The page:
Sunday, October 29, 2017

The Bachelorette explained. In praise of online dating

How do you explain The Bachelorette?

I'm not talking about the bachelorette herself, Sophie Monk: she's a topic for another day.

I am talking about the behaviour of the men who were locked in the house with her – her suitors.

Each declared she was the love of their life, presumably because they were locked in a house with her, or perhaps because they were on television.

What other reasonable explanation could there be? Choosing a long-term partner is one of the most serious decisions anyone makes. The odds of each of the housemates picking the same woman in the same house, when there are billions of other people to choose from, and billions of other locations, are infinitesimal.

But their behaviour checks out. Sheena Iyengar met her future husband at a bus stop, and she has been studying the economics of choice ever since.

A professor at the Columbia Business School, she invites her students to heterosexual speed dating sessions, which she uses as mini laboratories. Here's one of her most important findings: men (not women) become increasingly less choosy toward the end of each session. Women set standards and maintain them. They mark their last date as harshly as the first. Men begin with standards and discard them if it looks like they'll go home alone.

To some extent they are looking for different things. She asked each to answer "yes" or "no" to seeing the other again, and to rate them for attractiveness, sincerity, intelligence, fun, ambition, and shared interests./p>

It may not come as a surprise that men highly value physical attractiveness. A woman's physical attractiveness was 18 per cent more important in getting a man to say yes than was a man's attractiveness in getting a woman to yes. Women valued intelligence roughly twice as much as men did, and men did it an odd way. The more intelligent the woman was, the more likely the man was to say yes, right up to the point when he thought she was as intelligent as he was. Beyond that extra intelligence didn't help at all.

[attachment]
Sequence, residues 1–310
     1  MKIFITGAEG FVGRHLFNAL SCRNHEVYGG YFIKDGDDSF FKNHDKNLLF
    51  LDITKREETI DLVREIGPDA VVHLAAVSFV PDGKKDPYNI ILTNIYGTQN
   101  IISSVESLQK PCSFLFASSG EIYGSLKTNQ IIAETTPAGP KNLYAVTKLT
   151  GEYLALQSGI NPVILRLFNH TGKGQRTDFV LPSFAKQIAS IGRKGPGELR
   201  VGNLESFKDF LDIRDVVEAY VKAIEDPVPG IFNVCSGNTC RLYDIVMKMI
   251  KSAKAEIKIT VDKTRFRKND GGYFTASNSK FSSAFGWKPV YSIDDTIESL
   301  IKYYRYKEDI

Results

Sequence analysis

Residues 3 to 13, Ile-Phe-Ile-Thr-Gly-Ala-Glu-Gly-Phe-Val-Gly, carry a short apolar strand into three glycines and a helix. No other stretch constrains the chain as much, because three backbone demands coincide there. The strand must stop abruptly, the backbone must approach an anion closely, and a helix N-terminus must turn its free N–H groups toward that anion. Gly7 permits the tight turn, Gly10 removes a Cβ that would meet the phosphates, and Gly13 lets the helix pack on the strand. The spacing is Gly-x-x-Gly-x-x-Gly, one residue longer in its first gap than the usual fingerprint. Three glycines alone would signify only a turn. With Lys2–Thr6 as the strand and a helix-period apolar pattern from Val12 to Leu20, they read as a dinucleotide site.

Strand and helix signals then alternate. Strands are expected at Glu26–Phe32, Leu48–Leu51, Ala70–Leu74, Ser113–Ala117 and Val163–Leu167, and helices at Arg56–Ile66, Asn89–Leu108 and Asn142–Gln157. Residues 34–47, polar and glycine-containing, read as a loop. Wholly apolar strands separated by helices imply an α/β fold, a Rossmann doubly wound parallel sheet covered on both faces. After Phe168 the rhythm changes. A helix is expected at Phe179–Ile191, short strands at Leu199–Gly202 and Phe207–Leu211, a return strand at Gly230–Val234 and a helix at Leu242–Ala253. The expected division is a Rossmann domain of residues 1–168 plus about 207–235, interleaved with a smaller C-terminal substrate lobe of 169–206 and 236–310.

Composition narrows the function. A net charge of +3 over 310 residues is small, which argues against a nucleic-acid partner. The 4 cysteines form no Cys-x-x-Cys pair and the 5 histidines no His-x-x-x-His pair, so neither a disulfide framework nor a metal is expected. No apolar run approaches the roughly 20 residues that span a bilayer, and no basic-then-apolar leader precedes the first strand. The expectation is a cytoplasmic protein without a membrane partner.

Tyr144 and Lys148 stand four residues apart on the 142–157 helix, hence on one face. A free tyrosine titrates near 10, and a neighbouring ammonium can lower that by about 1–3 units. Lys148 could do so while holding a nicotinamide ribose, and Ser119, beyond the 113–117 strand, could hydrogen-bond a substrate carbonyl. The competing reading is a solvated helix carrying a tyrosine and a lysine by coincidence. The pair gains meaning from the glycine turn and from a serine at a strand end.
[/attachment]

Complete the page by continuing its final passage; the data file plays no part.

It was even worse for ambition. Women valued it. Men valued it up until the point they thought the woman was as ambitious as them. Beyond that, it counted against the women. It made men more likely to say no.

An endearing characteristic of men was that they didn't much care about race. For women it mattered a lot. They were 14 percentage points more likely to say yes to someone of their own race than someone of a different race, which, given that they said yes 38 per cent of the time, made race enough to turn an ordinary no into a definite no or into a moderately strong yes.

But that's changing. Online dating is replacing bumping into people at bus stops and hooking up with friends of friends or speed dating. Almost instantly the universe of potential dates has become massive.

Cornell University economist Josue Ortega and and psychologist Philipp Hergovich have just published a  paper about what ought to happen to society when the universe of potential dates is no longer limited. They say it ought to become racially integrated, really quickly.

Online dating only really began in the mid-1990s, and only really took off in the 2000s. As it happens, at both times there was an upsurge in interracial marriage.

It might be coincidence, but if it's not their model suggests that race itself will break down in the United States, and everywhere else that gives itself over to online dating.

And the marriages will be stronger, another finding that comes from choices no longer being limited.

It's the exact opposite of The Bachelorette. And it's arriving fast.

In The Age and Sydney Morning Herald